"io.odin" -> consoleLogger[IO]()

def zoo: IO[Unit] = enclosureLogger.debug("Debug")
def foo: IO[Unit] ="Never shown")
def bar: IO[Unit] = enclosureLogger.warn("Warning")

Routing is done based on the string matching with the greedy first match logic, hence the most specific routes should always appear on the top, otherwise they might be ignored.

Loggers composition

Odin defines Monoid[Logger[F]] instance to combine multiple loggers into a single one that broadcasts the logs to the underlying loggers:

import cats.syntax.all._

val combinedLogger: Resource[IO, Logger[IO]] = consoleLogger[IO]().withAsync() |+| fileLogger[IO]("log.log")

Example above demonstrates that it would work even for Resource based loggers. combinedLogger prints messages both to console and to log.log file.

Constant context

To append some predefined context to all the messages of the logger, use withConstContext syntax to construct such logger:

import io.odin.syntax._

    .withConstContext(Map("predefined" -> "context"))
    .info("Hello world").unsafeRunSync()
// 2021-06-14T17:02:59,799 [io-compute-1] INFO repl.MdocSession.App#res12:230 - Hello world - predefined: context

Contextual effects

Some effects carry an extractable information that could be automatically injected as the context to each log message. An example is ReaderT[F[_], Env, A] monad, where value of type Env contains some additional information to log.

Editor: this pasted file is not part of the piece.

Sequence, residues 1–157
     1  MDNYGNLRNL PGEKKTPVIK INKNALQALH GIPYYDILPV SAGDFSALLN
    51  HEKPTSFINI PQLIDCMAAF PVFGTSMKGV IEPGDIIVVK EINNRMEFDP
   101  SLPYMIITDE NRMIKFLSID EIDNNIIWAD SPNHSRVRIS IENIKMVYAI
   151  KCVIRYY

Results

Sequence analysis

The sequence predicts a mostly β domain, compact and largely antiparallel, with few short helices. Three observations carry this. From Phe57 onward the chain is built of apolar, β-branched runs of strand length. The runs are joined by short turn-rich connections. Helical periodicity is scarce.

Odin allows to build a logger that extracts this information from effect and put it as the context:

import io.odin.loggers._

case class Env(ctx: Map[String, String])

object Env {
  //it's necessary to describe how to extract context from env
  implicit val hasContext: HasContext[Env] = new HasContext[Env] {
    def getContext(env: Env): Map[String, String] = env.ctx

type M[A] = ReaderT[IO, Env, A]

    .info("Hello world")
    .run(Env(Map("env" -> "ctx")))
// 2021-06-14T17:02:59,848 [io-compute-1] INFO repl.MdocSession.App#res13:258 - Hello world - env: ctx

Odin automatically derives required type classes for each type F[_] that has Ask[F, E] defined, or in other words for all the types that allow F[A] => F[E].

If this constraint isn't satisfied, it's required to manually provide an instance for WithContext type class:

  * Resolve context stored in `F[_]` effect
trait WithContext[F[_]] {
  def context: F[Map[String, String]]

Secret Context

Sometimes it's necessary to hide sensitive information from the logs, would it be user identification data, passwords or anything else.

Odin can hash the values of predefined context keys to preserve the fact of information existence, but exact value becomes unknown:

import io.odin.syntax._

    .info("Hello, username", Map("password" -> "qwerty"))
    .unsafeRunSync() //rendered context contains first 6 symbols of SHA-1 hash of password
// 2021-06-14T17:02:59,853 [io-compute-1] INFO repl.MdocSession.App#res14:271 - Hello, username - password: secret:b1b377

Contramap and filter

To modify or filter log messages before they're written, use corresponding combinators contramap and filter:

import io.odin.syntax._

    .contramap(msg => msg.copy(message = + " World")))
// 2021-06-14T17:02:59,858 [io-compute-0] INFO repl.MdocSession.App#res15:283 - Hello World

    .filter(msg => msg.message.value.size < 10)
    .info("Very long messages are discarded")


The closer look on the exception logging reveals that there is no requirement for an error to be an instance of Throwable: